As we traveled around the island, we stopped frequently at some of the beautiful and majestic waterfalls found in Samoa.

One of these falls is just outside the village of Sauniatu. Sauniatu is a special place in Samoa. In the early days of the Church here (about 110 years ago), a family or a village might banish a person who joined the Mormon faith. It was to Sauniatu that these cast-outs could resort to live and work. Today an LDS school operates there, and many people come to it annually to swim in the beautiful falls.

 The boys’ parents – and especially their grandparents – came near to heart failure as they watched Tell, Dallin, and Porter scale the cliffs to show off by bravely jumping 10, 20, and even 30 feet into the deep pool. 

Click here for a great video!

One of the local citizenry was especially fascinated by the foreigners’ antics.

 At another nearby mountain pool, one in which “Papa” bathed 50 years ago, he showed the grandsons how he used to take a bath in the river every day.

 Anyone up for a good “chicken fight”?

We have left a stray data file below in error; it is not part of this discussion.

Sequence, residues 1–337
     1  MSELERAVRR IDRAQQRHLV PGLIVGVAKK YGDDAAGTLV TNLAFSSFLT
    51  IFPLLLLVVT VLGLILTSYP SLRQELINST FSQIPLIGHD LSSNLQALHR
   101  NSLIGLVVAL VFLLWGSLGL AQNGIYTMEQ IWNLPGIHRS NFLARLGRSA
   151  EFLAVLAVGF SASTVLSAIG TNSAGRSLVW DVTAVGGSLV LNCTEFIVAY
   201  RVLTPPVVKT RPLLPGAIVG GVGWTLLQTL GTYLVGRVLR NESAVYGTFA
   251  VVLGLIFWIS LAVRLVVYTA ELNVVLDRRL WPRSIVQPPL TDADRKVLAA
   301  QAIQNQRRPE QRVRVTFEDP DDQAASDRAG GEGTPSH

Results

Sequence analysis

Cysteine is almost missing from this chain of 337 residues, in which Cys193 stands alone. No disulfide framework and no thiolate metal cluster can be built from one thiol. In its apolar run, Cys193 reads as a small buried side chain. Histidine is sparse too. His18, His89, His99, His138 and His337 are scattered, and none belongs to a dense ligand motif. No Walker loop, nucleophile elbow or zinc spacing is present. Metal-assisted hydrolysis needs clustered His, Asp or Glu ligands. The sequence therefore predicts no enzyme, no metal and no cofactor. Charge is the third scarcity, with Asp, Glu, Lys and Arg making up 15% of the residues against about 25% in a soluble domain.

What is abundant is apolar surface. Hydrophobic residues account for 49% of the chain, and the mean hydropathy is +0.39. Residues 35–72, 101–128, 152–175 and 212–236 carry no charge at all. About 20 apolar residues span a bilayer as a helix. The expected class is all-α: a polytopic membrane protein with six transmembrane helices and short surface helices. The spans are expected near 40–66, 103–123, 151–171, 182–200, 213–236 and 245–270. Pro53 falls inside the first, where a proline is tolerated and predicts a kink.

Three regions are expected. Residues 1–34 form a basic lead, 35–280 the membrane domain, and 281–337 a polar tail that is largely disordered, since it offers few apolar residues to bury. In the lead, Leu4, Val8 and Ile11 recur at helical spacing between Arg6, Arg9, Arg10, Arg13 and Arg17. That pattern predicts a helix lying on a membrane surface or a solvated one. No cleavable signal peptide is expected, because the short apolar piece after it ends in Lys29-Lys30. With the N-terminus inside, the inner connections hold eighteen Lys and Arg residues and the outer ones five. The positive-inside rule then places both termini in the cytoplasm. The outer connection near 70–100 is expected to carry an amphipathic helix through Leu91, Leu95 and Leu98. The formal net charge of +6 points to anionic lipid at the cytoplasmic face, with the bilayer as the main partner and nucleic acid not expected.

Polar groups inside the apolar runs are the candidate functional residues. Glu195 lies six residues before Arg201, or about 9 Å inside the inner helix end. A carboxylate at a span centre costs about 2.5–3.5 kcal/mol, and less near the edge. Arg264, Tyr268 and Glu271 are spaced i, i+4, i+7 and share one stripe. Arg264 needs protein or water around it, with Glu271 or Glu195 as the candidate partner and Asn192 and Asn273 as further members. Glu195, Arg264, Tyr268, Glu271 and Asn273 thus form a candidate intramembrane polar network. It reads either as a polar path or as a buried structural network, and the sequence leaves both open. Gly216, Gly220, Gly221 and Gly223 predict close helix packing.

Who needs diving boards, anyway?

 There was, to be sure, a fair amount of dining out after a full day’s set of adventures.

One day we made an excursion over to the small islands of Apolima and Manono.  No one got seasick!

Not the USS Minnow, but still a nice little boat.

Apolima and Manono are about as far away from Western “civilization” as you can get. Both islands are quiet, clean, dog-free and car-free.

Porter enjoyed discovering the fauna on the Island.

Standing on what remains of the Apolima wharf destroyed by the 2009 tsusami.

We had dinner one evening at the Treehouse Resort, or “Treesort” on Upolu Island. The Greskos spent a night there.

 Natalie was fascinated by the indoor – or rather, intree – bathroom and shower.

 One of the most fascinating places on the island is the “To Sua Trench.” From a point about 100 feet above sea level, one climbs down the steps and ladders into this trench which fills and empties with the tides just outside the trench.